This relief is provided by the provisions of schedule 10A to LBTT(S)A 2013
Description of relief
The sub-sale development relief (SSDR) is available to the first buyer in a land transaction. The transaction must involve sub-sale arrangements with the expectation of significant development. The first buyer claims the relief at the point when they submit their LBTT return.
There is a restriction on the relief to the first buyer only.
It is not available to a second or subsequent buyer where a chain of sub-sale arrangements is in place.
SSDR is available to the first buyer in a contract, where the buyer acquires a chargeable interest, completed by a conveyance if:
- there is a qualifying sub-sale
- the qualifying conditions are met
Note: the ‘first contract’ – does not include a contract that is a sub-sale or an assignation of rights in relation to another contract.
The relief is not applicable where there is also a relief claim related to alternative property finance (see LBTT3017).
A sub-sale is a ‘qualifying sub-sale’ if it is a sub-sale under which:
- the first buyer contracts to sell the whole or part of the subject-matter of the first contract to another person (the ‘second buyer’)
- the second buyer becomes entitled to call for a conveyance to that person of the whole or part of the subject-matter of the first contract
- immediately before the first buyer entered into the sub-sale, the first buyer was entitled under the first contract to call for a conveyance of the whole or part of that subject-matter
There are qualifying conditions for the relief.
The substantial performance or completion of the first contract must take place:
- at the same time as
- in connection with
the substantial performance or completion of the qualifying sub-sale.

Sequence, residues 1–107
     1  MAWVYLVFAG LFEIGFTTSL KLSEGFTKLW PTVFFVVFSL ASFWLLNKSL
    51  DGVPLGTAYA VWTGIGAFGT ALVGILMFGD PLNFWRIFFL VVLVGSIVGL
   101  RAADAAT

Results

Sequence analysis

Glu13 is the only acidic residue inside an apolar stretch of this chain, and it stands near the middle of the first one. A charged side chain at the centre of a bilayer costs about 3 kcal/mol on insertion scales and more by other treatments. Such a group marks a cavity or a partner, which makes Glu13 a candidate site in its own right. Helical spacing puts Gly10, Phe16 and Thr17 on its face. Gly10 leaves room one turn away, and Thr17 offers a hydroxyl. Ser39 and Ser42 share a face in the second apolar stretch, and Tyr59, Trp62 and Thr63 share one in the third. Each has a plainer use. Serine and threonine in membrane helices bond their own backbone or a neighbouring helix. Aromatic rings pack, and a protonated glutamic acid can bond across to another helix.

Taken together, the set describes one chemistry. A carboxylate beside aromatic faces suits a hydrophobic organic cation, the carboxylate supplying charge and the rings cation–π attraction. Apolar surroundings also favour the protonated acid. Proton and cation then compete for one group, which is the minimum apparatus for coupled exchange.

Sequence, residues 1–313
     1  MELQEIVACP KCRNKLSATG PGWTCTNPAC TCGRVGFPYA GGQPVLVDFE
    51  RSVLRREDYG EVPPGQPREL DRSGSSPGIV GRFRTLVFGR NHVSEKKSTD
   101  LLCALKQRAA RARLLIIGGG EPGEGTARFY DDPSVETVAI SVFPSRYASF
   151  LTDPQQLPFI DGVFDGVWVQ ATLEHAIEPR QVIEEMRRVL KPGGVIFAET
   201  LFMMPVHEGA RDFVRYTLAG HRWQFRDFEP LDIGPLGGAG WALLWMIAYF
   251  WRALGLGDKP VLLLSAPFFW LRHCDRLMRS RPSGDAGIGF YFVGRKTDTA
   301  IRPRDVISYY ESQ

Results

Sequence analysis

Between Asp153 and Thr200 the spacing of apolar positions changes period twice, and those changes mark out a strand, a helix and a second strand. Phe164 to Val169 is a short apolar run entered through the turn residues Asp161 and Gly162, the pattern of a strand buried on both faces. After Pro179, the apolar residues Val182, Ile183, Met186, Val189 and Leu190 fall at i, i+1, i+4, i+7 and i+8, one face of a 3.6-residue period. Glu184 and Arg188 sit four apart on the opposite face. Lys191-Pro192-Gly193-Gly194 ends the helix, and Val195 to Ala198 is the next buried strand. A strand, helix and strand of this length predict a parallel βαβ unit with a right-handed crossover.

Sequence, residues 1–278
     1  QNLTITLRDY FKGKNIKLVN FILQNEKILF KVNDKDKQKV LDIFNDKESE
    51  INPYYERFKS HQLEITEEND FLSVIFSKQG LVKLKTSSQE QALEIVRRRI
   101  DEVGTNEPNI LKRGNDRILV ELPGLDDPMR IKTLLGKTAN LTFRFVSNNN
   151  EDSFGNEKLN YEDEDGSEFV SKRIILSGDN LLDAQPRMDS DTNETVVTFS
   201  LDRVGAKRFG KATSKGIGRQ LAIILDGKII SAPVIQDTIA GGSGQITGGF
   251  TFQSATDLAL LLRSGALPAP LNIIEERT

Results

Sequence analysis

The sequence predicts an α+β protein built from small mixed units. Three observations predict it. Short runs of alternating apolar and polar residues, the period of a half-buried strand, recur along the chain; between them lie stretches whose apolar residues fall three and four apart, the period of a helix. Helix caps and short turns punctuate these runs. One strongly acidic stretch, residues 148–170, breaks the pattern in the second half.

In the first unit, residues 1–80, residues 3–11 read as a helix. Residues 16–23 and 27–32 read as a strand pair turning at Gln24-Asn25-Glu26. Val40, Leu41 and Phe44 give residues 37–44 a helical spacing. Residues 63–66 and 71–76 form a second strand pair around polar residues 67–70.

Significant development for commercial purposes of the subject-matter will be completed within five years from the date on which the first buyer entered into the qualifying sub-sale.
Where an assignation, sub-sale or other transaction entitles another person where this is not the second buyer, to call for a conveyance, this is not treated as substantial performance of the qualifying sub-sale.
Note: this is the case whether it relates to the whole or only part of the subject-matter of the qualifying sub-sale.
Means the chargeable interest, the conveyance of which the second buyer is entitled to call for as a result of the qualifying sub-sale.
- part of the subject-matter
Means part of the chargeable interest, where the chargeable interest of the sub-sale is part of the chargeable interest under the first buyers first contract.
Includes the building of educational, sports and leisure, residential, retail, office or industrial buildings. Redevelopment of such buildings where this is comparable in scale and cost to construction.
Excludes agricultural buildings, mining or engineering works (other than wind farms) or plant and machinery.
Something that is used for the purposes of the trade of agriculture. This includes horticulture, fruit growing, seed growing, dairy farming, livestock breeding and keeping, the use of land as grazing land, meadow land, osier land, market gardens and nursery grounds and the use of land for woodlands where that use is ancillary to the farming of land for other agricultural purposes.